Your Vision needs to explain 'why'
It needs to be emotional. It needs to be personal.
It needs to be compelling.
And the most compelling way to express an emotional vision is by telling a personal story.
Encourage every one of your leaders to tell their own story
And the compilation of these dozens of emotional, personal stories should form a mosaic tapestry of a compelling Vision that is at once both shared and deeply personal.
Suggested Reading and Resources for
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Also see Systems2win Leadership Roles
The Change Agent should ideally have executive-level control over most of the activities within the processes being changed.
Although it is rare to find two Change Agents within a single company or division, it is possible and every Executive should be encouraged to develop their Change Agent skills.
Unfortunately, it is more common to find executive teams that have no Change Agent.
It is then the responsibility of the President/CEO to either:
Ironically, in the early phases, the Change Agent needs to be a 'benevolent tyrant' pushing through many top-down initiatives in order to overcome stuck-in-the-mud inertia to institute sustainable systems for continuous improvement.
After about 5 years, the continuous improvement systems become very much a part of the company culture, and changes will then 'bubble up' from the line & staff workers themselves.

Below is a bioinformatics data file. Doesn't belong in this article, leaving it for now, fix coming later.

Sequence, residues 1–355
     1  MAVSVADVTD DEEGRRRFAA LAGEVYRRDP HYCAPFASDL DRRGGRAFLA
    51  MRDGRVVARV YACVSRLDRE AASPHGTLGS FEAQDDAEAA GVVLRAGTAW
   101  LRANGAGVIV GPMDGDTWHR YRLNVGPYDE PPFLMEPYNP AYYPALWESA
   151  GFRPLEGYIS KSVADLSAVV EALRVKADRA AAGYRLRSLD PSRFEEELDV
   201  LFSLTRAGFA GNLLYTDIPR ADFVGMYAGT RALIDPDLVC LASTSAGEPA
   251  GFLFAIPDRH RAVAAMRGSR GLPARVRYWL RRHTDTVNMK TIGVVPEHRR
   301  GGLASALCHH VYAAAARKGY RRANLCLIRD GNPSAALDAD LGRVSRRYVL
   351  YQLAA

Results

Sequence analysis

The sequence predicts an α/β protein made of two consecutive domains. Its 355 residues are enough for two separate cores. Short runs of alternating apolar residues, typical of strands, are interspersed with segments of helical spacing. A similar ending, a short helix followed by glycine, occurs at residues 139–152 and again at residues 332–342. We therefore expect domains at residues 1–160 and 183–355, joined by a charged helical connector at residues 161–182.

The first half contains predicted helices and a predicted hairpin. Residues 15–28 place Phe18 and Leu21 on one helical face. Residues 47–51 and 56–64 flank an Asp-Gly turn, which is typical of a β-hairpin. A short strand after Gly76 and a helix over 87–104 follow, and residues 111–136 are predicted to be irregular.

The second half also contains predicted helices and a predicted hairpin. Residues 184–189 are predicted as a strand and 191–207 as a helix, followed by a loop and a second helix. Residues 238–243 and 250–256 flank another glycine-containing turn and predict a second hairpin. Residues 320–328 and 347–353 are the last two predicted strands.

It usually takes about 5 years of intensive training, doing, and coaching before your improvement culture transitions into a bottom-up activity with most changes coming from the self-directed Continuous Improvement Teams that have now established continuous improvement as a way of life.
Even after those first five years, however, an effective Change Agent is still essential to continued success.
There are many case studies of companies that achieved remarkable levels of excellence with deeply ingrained lean culture — only to watch it all slowly wash away after a merger or takeover by a new parent company only interested in 'managing the numbers'.
"Problems with buy-in are almost always problems with leadership."
~ David Mann, Author of Creating a Lean Culture
"It is not necessary to change. Survival is not mandatory."
~ W. Edwards Deming
You can't be a Change Agent if you don't have political juice.
including competent motivated people filling each of the Systems2win Leadership Roles
Dual focus upon both: lean production systems and the lean management systems needed to support them.
The Change Agent isn't expected to know everything about Lean Methods and Training, but does need to identify what is needed, and then ensure that it is provided.
and yet still find ways to consistently move forward with a bias for action and quick experiments (rather than lengthy analysis).
To be understood by upper management, the Board, fence-sitters, and all stakeholders as promoting ideas with enormous potential benefit for everyone. Strong conviction that things can be better; with contagious energy to make it so.
To get out of the way of superstars that have both competence and motivation. To support & train people that have motivation but lack skills. And to motivate or replace people who take too long to adjust to the changing culture.
working with other executives that manage people on cross functional teams.